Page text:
LaMelo Ball’s broken wrist is healed, a major step to him playing again for Hornets

LaMelo Ball’s broken wrist is healed, a major step to him playing again for Hornets
LaMelo Ball’s broken wrist is healed, a major step to him playing again for Hornets (Source: The Charlotte Observer)

CHARLOTTE, N.C. (The Charlotte Observer) - Charlotte Hornets rookie LaMelo Ball’s fractured right wrist has healed and he’s been cleared to start individual basketball activity.

When Ball might play again this season is yet to be determined.

Ball’s cast was removed and a CT scan confirmed the wrist has healed. He has been cleared to return to individual basketball activity, the team announced Monday night.

Ball was examined in New York by Dr. Michelle Carlson, who did his surgery last month.

Ball, who was having the top season in his rookie class, suffered a right wrist fracture in a hard fall during the March 20 road loss to the Los Angeles Clippers.

He had surgery March 23 at New York City’s Hospital for Special Surgery, performed by Dr. Michelle Carlson. After surgery, the Hornets said Ball’s injury would be re-evaluated in about four weeks.

Initially, there was concern Ball would be out for the remainder of the season. However, Hornets general manager Mitch Kupchak said a few days following Ball’s surgery that there’s hope Ball would recover in time for the playoffs or even a portion of the remaining regular season.

“We don’t know if LaMelo is out for the season or not,” Kupchak said on March 26. “There is a possibility (of Ball playing again), just based on other players who have had this injury, that maybe he does come back for some portion of the year.”

Kupchak added that the Hornets would do nothing that might risk Ball long-term, by clearing him to play.

“If we get to the end of the (regular season), and we’re in a playoff hunt, and he’s not quite ready — (where) we feel we could get him back on the court and push it — we won’t do that,” Kupchak said.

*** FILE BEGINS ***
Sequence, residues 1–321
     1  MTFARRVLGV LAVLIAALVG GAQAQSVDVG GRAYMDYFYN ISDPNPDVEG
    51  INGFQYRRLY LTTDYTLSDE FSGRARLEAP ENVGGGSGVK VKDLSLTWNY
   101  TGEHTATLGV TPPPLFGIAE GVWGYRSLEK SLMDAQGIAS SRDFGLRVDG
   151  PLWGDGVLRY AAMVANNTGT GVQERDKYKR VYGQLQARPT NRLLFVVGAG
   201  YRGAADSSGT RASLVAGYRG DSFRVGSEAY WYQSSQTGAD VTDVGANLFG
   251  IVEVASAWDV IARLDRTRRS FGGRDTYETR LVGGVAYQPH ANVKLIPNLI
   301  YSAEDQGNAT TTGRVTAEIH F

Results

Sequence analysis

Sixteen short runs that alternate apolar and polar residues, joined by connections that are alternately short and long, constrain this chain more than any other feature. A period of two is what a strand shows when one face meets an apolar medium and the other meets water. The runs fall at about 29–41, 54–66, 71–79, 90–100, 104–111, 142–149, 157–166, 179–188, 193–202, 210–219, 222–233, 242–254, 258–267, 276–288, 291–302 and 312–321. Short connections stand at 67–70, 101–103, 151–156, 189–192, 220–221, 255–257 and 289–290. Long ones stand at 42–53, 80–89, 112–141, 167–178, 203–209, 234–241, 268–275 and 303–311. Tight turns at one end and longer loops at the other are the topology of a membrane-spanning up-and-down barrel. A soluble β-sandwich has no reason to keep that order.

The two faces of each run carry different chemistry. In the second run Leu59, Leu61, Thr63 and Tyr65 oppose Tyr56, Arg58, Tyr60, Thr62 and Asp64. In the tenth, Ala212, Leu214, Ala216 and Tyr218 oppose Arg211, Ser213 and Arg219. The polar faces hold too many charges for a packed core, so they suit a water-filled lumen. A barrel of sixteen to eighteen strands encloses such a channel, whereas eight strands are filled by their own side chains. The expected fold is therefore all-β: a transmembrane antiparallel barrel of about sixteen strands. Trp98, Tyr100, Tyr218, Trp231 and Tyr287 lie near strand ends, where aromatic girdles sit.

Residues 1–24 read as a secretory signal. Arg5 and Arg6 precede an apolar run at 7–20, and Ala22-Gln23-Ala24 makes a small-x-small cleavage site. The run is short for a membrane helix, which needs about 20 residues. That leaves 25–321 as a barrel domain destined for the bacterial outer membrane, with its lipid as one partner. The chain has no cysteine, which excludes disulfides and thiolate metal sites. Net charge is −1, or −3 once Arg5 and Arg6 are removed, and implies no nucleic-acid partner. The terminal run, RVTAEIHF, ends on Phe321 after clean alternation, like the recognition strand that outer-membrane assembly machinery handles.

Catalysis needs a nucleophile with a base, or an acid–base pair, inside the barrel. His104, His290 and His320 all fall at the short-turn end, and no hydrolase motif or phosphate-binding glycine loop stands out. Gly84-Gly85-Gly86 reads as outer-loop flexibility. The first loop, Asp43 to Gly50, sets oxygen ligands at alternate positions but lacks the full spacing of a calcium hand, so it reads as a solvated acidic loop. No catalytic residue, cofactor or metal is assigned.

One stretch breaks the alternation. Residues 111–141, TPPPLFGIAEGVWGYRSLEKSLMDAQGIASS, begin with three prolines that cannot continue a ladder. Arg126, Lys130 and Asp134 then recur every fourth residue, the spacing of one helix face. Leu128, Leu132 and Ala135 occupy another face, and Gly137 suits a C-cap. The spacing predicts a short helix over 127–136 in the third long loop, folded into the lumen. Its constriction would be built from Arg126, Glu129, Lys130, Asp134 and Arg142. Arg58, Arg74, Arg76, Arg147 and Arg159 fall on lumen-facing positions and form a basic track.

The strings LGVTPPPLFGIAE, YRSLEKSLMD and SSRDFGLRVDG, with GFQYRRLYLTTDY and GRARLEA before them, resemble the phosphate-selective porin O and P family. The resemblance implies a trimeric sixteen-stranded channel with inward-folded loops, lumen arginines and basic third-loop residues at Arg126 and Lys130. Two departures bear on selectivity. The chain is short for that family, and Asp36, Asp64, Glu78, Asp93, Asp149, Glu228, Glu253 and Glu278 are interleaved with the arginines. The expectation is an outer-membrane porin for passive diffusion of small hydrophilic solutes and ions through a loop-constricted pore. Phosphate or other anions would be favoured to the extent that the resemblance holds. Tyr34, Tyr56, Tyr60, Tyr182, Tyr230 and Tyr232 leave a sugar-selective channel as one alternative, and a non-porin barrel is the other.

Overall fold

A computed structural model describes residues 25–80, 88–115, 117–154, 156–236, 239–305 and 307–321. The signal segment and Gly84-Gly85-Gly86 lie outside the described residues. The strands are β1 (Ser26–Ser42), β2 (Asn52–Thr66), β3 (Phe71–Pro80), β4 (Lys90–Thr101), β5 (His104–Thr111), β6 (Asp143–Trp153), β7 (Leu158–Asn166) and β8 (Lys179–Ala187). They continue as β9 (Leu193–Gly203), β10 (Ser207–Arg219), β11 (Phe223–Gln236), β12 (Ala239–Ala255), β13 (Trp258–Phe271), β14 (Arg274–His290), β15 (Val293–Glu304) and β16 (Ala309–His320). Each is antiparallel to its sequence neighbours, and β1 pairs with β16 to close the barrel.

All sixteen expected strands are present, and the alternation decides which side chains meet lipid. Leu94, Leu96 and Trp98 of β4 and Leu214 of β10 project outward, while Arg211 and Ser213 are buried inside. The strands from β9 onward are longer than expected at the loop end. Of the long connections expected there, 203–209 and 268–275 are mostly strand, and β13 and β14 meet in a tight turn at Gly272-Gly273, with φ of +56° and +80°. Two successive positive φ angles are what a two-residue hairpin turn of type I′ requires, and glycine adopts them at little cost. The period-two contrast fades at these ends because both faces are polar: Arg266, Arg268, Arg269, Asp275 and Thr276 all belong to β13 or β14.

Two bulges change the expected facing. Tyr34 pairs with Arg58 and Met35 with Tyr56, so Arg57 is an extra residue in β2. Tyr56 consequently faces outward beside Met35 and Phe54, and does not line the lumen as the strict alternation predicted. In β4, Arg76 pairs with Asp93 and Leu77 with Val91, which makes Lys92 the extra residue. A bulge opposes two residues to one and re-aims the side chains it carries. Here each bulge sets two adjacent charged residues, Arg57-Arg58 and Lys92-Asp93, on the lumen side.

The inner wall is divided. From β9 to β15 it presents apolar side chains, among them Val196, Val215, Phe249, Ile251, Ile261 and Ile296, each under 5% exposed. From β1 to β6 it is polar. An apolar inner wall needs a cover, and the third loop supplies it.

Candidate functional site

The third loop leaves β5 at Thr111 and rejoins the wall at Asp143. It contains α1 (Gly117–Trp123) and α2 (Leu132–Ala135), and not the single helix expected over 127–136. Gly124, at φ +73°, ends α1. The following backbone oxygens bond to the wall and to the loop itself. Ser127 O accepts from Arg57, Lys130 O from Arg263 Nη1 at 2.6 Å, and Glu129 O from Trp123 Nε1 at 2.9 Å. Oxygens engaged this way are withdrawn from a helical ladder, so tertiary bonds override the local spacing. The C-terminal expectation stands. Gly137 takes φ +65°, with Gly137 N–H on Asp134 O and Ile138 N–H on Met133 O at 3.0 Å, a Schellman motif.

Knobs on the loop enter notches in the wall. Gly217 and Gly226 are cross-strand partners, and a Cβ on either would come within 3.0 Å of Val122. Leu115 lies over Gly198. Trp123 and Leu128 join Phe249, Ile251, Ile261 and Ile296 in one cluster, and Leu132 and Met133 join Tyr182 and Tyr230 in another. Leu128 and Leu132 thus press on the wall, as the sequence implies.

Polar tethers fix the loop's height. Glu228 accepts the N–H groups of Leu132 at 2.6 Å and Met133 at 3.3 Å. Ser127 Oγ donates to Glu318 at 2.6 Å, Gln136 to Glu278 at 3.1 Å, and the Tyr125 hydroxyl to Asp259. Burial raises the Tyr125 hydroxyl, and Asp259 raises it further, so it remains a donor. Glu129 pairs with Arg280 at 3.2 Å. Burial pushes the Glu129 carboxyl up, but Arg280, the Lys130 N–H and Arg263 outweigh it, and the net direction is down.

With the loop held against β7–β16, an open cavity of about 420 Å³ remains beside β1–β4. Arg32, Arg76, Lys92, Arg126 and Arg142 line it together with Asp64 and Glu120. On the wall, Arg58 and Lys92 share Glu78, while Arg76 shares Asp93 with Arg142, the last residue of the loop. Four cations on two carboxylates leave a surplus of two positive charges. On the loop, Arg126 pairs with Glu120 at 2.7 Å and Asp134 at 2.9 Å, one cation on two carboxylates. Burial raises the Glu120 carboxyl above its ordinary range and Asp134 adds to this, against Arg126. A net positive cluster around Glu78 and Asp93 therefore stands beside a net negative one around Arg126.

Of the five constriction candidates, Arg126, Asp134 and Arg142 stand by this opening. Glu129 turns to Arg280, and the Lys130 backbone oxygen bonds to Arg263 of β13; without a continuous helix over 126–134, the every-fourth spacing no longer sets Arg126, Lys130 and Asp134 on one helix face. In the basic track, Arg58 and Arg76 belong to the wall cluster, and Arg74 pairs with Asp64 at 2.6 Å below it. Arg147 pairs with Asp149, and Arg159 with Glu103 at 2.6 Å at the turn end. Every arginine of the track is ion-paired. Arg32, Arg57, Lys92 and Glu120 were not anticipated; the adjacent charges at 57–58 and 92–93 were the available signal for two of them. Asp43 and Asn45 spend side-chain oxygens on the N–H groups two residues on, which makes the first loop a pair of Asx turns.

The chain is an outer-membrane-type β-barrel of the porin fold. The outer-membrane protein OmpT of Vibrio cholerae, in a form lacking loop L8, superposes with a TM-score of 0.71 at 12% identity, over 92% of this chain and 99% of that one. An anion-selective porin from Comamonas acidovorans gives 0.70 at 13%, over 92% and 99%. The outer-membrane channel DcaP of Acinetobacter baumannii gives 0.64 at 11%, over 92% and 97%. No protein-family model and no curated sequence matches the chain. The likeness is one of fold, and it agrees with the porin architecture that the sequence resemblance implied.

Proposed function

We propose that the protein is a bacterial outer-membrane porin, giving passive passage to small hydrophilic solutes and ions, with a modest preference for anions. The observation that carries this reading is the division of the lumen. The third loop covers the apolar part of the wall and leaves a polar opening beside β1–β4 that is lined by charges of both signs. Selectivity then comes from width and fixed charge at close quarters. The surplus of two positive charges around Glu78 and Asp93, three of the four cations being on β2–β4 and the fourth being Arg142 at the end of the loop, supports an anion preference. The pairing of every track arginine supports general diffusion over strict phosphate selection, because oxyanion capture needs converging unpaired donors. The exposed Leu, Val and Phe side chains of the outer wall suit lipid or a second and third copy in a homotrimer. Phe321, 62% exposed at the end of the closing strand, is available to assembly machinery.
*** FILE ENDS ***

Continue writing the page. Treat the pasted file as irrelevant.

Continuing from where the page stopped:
LAMELO BALL’S SPECTACULAR FIRST 3 NBA MONTHS

Ball had a spectacular start to his NBA career, winning the first three Eastern Conference Rookie of the Month awards. He averaged 15.9 points, 6.1 assists and 5.9 rebounds in the 41 games he played before the injury.

Ball appeared to be cruising to winning rookie of the year, and still looks like the front-runner, based on an Observer survey of 12 media members likely to have votes for that award. Nine of those 12 media members said two weeks ago they would vote Ball No. 1.

Hornets coach James Borrego said Ball should win Rookie of the Year, regardless of whether he plays anymore this season, based on his impact on the Hornets’ record.

“He has clearly impacted winning, more so than I even expected,” Borrego said. “He put us in position to be a top-six seed in the Eastern Conference.

“When you can impact winning and put up those numbers, you are clearly Rookie of the Year.”

A CASCADE OF HORNETS INJURIES

Ball’s fractured wrist was the first of a cascade of injuries to key Charlotte players. The Hornets lost small forward Gordon Hayward (right foot strain) and shooting guard Malik Monk (right ankle sprain) for weeks, and still don’t have those players back. Monk figures to be back soonest of those three, but is not close to returning.

Center-forward P.J. Washington (ankle sprain) and guards Terry Rozier (knee tendinitis) and Devonte Graham (quad contusion) have all missed recent games. Washington and Rozier are back, while Graham is listed as questionable to play Tuesday in New York against the Knicks.

The Hornets have gone 8-7, entering the Knicks game, since Ball’s injury. A recent four-game losing streak dropped the 28-28 Hornets from fourth in the Eastern Conference standings to eighth, as they pursue their first playoff appearance in five seasons.

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